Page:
• 8 • Template • Nov-12 Confidential Proprietary8 Basic UL Framework UL 8750 Light Emitting Diode (LED) Equipment for Use in Lighting Products Self Ballasted Lamps UL 1993 Low Voltage Landscape Lighting UL 1838 Stage and Studio Luminaires UL 1573 Class 2 Power Units UL 1310 Power Units Other than Class 2 UL 1012 Luminaires UL 1598 Portable Electric Luminaires UL 153 Track Lighting Systems UL 1574 Underwater Luminaires UL 676 Low Voltage Systems UL 2108 Note: Examples of some general lighting categories
  • 9 • Template • Nov-12 Confidential Proprietary9 EU Standards (Followed by Other Countries) • IEC61000-3-2 Class C Lighting, Harmonic Content, < 25W the specifications is pretty simple with special exception • IEC 61347-2-13 – Lamp Controlgear – Particular requirements for DC or AC supplied electronic control gear for LED modules – Safety • IEC 62384 DC or AC supplied electronic control gear for LED modules – Performance • IEC 62838-2-2 – Particular requirements for connectors used with LED modules • IEC 61547 – EMC immunity requirements • IEC 62031 – LED modules for general lighting – safety
  • 10 • Template • Nov-12 Confidential Proprietary10 Outline • LED Driver Requirements and Regional Standards • Topology Overview • Meeting Power Factor/Harmonic Content Requirements • Comparison of Switching Topologies • Conclusions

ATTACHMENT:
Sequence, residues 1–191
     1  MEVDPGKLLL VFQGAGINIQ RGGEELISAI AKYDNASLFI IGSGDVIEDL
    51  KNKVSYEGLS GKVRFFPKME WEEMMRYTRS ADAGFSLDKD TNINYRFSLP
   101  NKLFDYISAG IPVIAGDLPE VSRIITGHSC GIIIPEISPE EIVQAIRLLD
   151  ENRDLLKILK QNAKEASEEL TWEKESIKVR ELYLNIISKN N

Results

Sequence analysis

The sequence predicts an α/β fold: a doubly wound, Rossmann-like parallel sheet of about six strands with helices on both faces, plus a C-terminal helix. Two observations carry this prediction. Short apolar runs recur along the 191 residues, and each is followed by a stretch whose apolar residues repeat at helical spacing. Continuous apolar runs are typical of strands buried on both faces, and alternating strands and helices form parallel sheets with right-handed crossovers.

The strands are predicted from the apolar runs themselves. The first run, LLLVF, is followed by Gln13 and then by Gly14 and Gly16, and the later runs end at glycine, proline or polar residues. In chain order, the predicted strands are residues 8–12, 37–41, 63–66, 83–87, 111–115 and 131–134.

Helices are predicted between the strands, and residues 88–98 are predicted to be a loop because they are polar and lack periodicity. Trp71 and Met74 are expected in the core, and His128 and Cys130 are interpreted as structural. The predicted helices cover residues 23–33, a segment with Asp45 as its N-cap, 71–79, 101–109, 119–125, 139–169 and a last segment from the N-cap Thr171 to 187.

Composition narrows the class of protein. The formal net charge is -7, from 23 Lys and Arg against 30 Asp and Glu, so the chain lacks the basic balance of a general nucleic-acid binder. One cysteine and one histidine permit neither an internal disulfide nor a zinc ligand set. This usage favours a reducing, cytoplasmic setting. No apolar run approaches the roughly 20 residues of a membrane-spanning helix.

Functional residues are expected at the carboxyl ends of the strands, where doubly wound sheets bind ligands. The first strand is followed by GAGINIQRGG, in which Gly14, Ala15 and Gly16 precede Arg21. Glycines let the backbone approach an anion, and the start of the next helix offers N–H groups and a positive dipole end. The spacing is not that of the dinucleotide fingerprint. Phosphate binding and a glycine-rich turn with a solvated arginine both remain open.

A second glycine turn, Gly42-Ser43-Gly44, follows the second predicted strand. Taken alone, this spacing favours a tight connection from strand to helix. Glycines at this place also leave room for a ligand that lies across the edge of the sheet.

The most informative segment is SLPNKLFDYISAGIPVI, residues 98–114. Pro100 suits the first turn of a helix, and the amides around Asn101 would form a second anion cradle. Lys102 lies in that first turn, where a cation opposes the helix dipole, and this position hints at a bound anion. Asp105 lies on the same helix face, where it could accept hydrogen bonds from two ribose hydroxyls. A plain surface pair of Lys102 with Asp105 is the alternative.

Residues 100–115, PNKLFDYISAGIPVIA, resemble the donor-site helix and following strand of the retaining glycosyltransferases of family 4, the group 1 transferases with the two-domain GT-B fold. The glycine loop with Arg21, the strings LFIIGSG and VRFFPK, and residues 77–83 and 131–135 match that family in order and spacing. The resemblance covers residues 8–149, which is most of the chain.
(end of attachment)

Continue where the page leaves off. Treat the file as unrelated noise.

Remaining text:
• 11 • Template • Nov-12 Confidential Proprietary11 Linear LED Driver Approach • Current Control Regulator (CCR) can set fixed current to drive LEDs – LED string Vf must match line voltage for best efficiency – RMS current varies with AC line – 100% Ripple • Input capacitor drop acts as a voltage divider to improve efficiency/reduce # of LEDs ~VAC + - VAK ICCR VF(Total) P Pg VfR VRI C 1 1Re 2 * R1 = 470kΩ R2 = 120Ω Vz = VLED + 4V VAC Info in AND8492-D Application Note www.onsemi.com
  • 12 • Template • Nov-12 Confidential Proprietary12 Buck Topology • This buck is the simplest of switched-mode topologies, suitable when Vout (LED forward voltage) is less than Vin – Switch closed  current flows into the inductor and into the load – Switch open current continues to flow into the load, with the diode closing the circuit • Vout = Vin (Ton/Ts), assuming continuous conduction of the inductor • Input current is chopped, output current (into the capacitor) is smooth TS TON TOFF Duty Cycle = Duty Ratio = D = TON TS TON TON TOFF = Load (R) Vin Vout Vout = VinD
  • 13 • Template • Nov-12 Confidential Proprietary13 •Red switch is ON •Green switch is OFF Example NCL30105 Buck LED Driver • Inverted buck – MOSFET is referenced to ground – LED string is directly connected to high voltage • Example shows CCM (continuous conduction), Critical Mode (CrM) is often used and has several advantages
  • 14 • Template • Nov-12 Confidential Proprietary14 Current in CrM Buck Inductor in LED LED on off peak V V V I t t I L L 2 peak LED I I Ivalley = 0 ton toff ILED ΔI = Ipeak Ipeak Ics td •Advantages of CrM over CCM •CrM has much smaller inductor than CCM • No need for low Trr for output rectifier, lower switching losses • CrM reduces current error due to inductor, Vin, and VLED variation